m 1942 

President Leslie Smith 

Vice-President Ralph Simmoxs 

Secretary Albert Miller 

Treasurer Johx Maslix 

SIGMA NU 

Founded at V. M. I. in 1868 

Maryland Delta Phi established here in 1918 

President Michael Zetts 

Vice-President Thomas Chisari 

Secretary Percy Wolfe 

Treasurer Ashby Musselman 

TAU EPSILON PHI 
Founded at Columbia University in 1910 
Maryland Tau Beta established here in 1935 

President Albert Spikloser 

\^ ice-President Alfred Cohex 

Scrrctary...: Stuart Sen cster 

Treasurer Morris Silvermax 

THETA CHI 

Founded Norwich Collej^e in 185() 

Marjiand Alpha Psi established here in 1929 

President Richard Spexcer 

Vice-President William Talbott 

Secretary Robert Wilkerson 

Treasurer Hermax Holl.tes 

74 



So^jo^uUe^ 



PANHELLENIC COUNCIL 

Prenklent Marguerite Stitely 

Vice-President Louisa White 

Secretary Helexe Aaroxson 

'Treasurer Rose Marie Bridges 

Deputy Officer Axx Levixe 

The Panhellenic Council is composed of two rep- 
resentatives from each sorority and each sorority 
president. Its purpose is to foster a better spirit 
among the sororities on campus. The Panhell 
delegates of the twelve national sororities on cam- 
pus work together to promote a feeling of co- 
operation and unity. Officers rotate among the 
sororities in alphabetical order. Meetings are held 
regularly each month at the sorority houses in 
alphabetical order though special sessions may be 
called. 

The formal rushing date for this semester is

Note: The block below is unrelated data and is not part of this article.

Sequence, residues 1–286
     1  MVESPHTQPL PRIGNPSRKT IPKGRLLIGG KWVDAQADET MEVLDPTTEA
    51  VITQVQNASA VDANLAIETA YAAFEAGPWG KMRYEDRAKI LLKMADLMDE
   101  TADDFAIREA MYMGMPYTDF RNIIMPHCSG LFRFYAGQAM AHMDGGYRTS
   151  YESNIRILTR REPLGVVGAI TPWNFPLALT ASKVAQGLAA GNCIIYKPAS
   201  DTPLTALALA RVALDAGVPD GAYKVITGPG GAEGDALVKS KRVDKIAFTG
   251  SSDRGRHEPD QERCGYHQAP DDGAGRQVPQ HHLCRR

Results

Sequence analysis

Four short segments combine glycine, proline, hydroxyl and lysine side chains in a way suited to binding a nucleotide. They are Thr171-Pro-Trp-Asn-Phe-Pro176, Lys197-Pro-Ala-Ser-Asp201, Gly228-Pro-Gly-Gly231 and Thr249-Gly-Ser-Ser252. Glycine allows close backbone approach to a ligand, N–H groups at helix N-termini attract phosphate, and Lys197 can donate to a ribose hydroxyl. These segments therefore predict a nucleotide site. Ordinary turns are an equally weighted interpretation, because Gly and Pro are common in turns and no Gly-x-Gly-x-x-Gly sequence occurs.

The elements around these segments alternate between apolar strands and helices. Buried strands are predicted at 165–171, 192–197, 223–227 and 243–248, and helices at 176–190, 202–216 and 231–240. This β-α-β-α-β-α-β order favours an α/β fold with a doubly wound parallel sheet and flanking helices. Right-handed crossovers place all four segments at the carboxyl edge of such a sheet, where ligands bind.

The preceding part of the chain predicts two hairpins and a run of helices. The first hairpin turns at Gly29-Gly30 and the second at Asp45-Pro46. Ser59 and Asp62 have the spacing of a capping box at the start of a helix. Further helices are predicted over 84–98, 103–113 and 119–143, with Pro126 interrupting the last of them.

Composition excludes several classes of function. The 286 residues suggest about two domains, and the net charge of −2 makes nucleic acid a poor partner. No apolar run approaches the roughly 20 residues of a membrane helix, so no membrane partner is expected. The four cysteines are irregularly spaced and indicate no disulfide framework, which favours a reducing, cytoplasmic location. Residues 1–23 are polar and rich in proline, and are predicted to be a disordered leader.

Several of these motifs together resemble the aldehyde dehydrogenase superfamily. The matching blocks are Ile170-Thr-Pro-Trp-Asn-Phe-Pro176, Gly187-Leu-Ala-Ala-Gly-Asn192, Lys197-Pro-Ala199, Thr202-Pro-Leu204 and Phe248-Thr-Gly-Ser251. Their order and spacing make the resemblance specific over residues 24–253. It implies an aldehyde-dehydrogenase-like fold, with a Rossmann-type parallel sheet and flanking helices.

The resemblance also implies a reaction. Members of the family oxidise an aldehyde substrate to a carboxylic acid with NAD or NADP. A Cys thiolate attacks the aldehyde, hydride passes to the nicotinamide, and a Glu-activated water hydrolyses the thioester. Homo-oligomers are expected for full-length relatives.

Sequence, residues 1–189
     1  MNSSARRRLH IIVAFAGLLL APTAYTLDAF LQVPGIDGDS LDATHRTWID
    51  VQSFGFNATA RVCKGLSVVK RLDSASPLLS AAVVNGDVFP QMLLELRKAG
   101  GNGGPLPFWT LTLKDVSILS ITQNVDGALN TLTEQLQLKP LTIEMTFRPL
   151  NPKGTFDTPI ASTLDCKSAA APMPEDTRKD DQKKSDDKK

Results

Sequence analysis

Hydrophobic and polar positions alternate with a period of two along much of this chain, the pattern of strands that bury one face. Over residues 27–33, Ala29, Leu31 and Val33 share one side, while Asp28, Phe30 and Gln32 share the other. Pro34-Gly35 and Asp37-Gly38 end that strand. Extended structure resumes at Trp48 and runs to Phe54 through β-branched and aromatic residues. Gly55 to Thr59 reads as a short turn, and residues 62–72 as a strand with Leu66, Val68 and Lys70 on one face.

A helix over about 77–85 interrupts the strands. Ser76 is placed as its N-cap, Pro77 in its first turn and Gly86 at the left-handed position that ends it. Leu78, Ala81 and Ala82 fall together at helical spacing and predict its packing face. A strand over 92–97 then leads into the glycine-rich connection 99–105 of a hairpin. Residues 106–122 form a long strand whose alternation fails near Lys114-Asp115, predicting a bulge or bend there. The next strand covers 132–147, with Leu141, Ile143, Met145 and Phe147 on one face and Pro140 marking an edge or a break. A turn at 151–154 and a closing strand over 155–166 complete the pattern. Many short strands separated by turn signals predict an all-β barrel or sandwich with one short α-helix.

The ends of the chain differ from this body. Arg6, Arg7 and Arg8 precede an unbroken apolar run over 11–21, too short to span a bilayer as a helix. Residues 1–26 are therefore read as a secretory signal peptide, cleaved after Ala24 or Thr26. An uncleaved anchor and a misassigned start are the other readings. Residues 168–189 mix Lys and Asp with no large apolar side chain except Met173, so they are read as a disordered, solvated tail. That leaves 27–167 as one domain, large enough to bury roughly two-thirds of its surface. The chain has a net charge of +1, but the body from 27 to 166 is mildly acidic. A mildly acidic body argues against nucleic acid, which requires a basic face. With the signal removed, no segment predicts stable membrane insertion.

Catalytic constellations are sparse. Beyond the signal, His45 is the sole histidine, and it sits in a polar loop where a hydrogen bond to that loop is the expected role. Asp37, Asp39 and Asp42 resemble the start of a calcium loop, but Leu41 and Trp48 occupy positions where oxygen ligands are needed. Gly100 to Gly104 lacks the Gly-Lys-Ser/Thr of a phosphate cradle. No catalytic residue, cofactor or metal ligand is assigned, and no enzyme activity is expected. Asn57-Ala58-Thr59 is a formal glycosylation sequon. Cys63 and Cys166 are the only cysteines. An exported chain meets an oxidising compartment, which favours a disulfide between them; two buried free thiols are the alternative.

September 16, and parties will be held during the 
week before classes commence. Rush rules and 
dates are presented in the Panhellenic booklet. 
The initial cost of going out for rushing is $1.00. 

Last Spring, the representatives on the Council 
worked on plans for the revision of their consti- 
tution and rules. Among the changes are the 
new deputy officer, created in order to give the 
woman-to-be-president for the folloAving term u 
period of training; a week of rushing ]ireceding 
classes; a limitation of sorority membership to 
fifty-five, wliich must be effected by each sorority 
in three years' time; and an honor system for sum- 
75 



mer silence between soroi-ity women and prospec- 
tive Marj'land students. 

ALPHA DELTA PI 

Founded at Wesleyan Female College in 1851 

Established at the University of Maryland in 1910 

President Roberta Burdettk 

Vice-President Axx Fexxessey 

Recording Secretary Barbara Skixxer 

Corresponding Secretary Patricia Pattox 

Treasurer Phyllis Johxsox 

ALPHA EPSILOX PHI 

Founded at Barnard College in 1909 

Established at the University of Maryland in 1913 

President Haxxah Needle 

Vice-President • Viviax Rose 

Recording Secretary Myra Levixsox'^ 

Corresponding Secretary Isabel Lebow 

Treasurer Ax^ita Reskix 

ALPHA OMICROX PI 

Founded at Barnard College in 1897 

Established at the University of Maryland in 1924 

President Jeaxxe Bexxett 

Vice-President Katherix-^e Briggs 

Recording Secretary Dorcus Joxes 

Corresponding Secretary Lois Reed 

Treasurer Phyllis Sell 

ALPHA XI DELTA 

Founded at Lombard College in 1893 

Established at the University of Maryland in 1934 

76 



J* resident Bahktte Skli.iiausi;x 

]^ ice-President Gloria Mkllingkr 

Recording Secretary Margarkt Earf 

Corresponding Secretary Patricia Spellacy 

Treasn re r Elizabeth Lipp 

DELTA DELTA DELTA 

Founded at Boston University in 1888 

Established at the University of Maryland in 1934 

Presiden t Louise Richards 

Vice-President Jaxet Griffith 

Recording Secretary Jane Grigsby 

Corresponding Secretary Jeax Eickelberg 

Treasurer Carol Cook 

DELTA GAMMA 

Founded at the Oxford Institute in 1874 
Established at the University of Maryland in 1945 

Pledge President Jaxe Schreiver 

Pledge Vice-President Sidney Nimmo 

Pledge Secretary-Treasurer Marv Burns 

GAMMA PHI BETA 

Founded at Syracuse University in 1874 

Established at the University of Maryland in 1940 

President Selma Helm 

Vice-President Leah Regan 

Recording Secretary Mary Lee Johnson 

Corresponding Secretary Mary I^ouise Jenkins